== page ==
Ghazal 43, Verse 5


dard-e dil likhuu;N kab tak jaa))uu;N un ko dikhlaa duu;N
u;Ngliyaa;N figaar apnii ;xaamah ;xuu;N-chakaa;N apnaa

1) how long would I write the pain of the heart? I would/might/should go and show to her
2) my wounded fingers, my blood-dripping reed-pen


figaar : 'Wounded ... ; —afflicted; distracted, confused'. (Platts p.783)


;xaamah : 'A writing-reed, a pen'. (Platts p.485)

qalam : 'A reed; reed-pen, pen; .... qalam karnaa : To cut; to cut off; to prune'. (Platts p.794)


The pen drips blood first, because of the theme of blood-dripping, and second, because the fingers are wounded. (40)

== Nazm page 40

Bekhud Mohani:

That is, I should say to her that while writing and writing the pain of the heart, I've come to be in such a state, but the story of the heart doesn't by any means get finished.


The point of the verse is that while writing and writing the pain of the heart in letters, the fingers have become wounded, and the pen too has begun to drip blood. But in this way he has said, how long should I go on writing the state of the heart. Why don't I go and show her my wounded fingers and blood-dripping pen as proof of my 'letter-writing'. In letters, this story will never be finished. (113)


WRITING: {7,3}

It's easy to see why the reed-pen might drip blood-- it could have been dipped in the ink of the lover's bloody tears, which are fed from his gouged, ravaged, deeply-wounded heart. But why are the fingers wounded? Wounded fingers are not a big part of the basic ghazal repertoire. Perhaps, as Josh suggests, we're simply meant to assume that the lover has been writing so long that his fingers are raw and bleeding.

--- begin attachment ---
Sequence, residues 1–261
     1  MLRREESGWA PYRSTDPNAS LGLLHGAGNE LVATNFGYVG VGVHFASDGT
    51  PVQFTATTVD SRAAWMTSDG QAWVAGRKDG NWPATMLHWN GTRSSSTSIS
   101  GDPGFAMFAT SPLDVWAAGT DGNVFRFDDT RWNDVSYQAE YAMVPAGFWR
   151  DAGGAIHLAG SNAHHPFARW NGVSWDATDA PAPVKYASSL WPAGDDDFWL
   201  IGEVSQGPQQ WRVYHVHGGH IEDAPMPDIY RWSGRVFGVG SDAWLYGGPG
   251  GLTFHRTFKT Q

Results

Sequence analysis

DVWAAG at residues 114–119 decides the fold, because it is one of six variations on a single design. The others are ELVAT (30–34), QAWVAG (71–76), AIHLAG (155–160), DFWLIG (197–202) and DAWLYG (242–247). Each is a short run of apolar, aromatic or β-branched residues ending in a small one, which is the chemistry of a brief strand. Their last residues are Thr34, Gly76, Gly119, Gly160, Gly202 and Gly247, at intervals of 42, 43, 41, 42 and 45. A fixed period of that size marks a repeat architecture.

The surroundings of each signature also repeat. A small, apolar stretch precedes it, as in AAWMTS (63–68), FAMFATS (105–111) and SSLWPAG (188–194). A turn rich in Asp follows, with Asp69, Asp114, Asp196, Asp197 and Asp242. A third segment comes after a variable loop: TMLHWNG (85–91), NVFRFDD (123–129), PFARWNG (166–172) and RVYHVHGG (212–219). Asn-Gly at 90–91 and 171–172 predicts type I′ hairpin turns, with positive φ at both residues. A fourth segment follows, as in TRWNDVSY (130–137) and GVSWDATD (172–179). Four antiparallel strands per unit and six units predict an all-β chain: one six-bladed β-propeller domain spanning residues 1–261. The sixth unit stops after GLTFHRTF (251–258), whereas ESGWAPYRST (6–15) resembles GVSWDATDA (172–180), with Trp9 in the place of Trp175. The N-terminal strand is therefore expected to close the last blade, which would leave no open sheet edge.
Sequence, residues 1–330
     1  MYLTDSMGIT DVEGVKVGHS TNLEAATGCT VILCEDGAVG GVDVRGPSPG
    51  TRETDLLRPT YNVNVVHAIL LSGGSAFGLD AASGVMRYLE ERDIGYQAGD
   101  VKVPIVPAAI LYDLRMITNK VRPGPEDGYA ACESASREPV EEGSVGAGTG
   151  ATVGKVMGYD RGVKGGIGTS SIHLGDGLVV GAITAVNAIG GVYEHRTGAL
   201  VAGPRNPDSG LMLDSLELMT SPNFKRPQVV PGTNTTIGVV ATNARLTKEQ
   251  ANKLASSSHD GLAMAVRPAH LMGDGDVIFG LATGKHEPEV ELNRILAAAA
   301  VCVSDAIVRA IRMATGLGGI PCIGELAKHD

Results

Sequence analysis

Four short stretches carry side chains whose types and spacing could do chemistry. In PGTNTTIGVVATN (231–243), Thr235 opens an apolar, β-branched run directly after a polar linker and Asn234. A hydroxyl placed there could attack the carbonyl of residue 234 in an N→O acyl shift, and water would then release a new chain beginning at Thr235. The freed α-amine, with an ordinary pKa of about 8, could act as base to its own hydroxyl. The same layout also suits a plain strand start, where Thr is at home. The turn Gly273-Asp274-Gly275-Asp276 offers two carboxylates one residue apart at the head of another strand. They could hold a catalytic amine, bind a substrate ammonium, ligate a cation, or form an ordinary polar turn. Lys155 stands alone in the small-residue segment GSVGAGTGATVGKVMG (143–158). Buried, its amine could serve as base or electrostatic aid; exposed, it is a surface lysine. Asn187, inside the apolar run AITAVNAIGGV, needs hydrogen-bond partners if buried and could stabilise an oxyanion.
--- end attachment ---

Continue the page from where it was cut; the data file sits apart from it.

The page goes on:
But there's also a subliminal connection, I think, through a word that's not even in the verse: the suggestive qalam (see the definition above), with its core relationship to reeds and reed-pens, thus to the cutting and shaping of reeds into reed-pens, thus to writing. To write the heart's pain the lover uses not a reed-pen, but (in some sense) his own fingers. Cut and channeled (like pens) by the sheer force of passion, they not only express by writing, but also directly embody, his suffering. The second line, in short, may offer two descriptions of one thing (his bloody fingers as his pen) that he might show to the beloved, rather than two different things (his bloody fingers, and the pen they have stained). For a very explicit example of this wordplay based on qalam , see {167,6}.

The present verse also poses a question about the efficacy of writing. The question in the first line is obviously rhetorical. But does it imply merely that the speaker is tired of writing, he's been doing it a long time, and now he wants to supplement it by going to her directly and having the consolation of seeing her? Or does it imply that writing-- and even poetry as well-- is entirely futile and useless (that is, that it can't at all express the heart's pain), so that mere telling in written words has to be replaced by the ostensive definition of 'showing'? Is writing of partial and limited use, or--more radically-- of no use at all?

On the use of apnii and apnaa to mean merii apnii and meraa apnaa , see {15,12}.

Compare {118,3}, in which the lover's whole self is compared to a badly-cut reed-pen.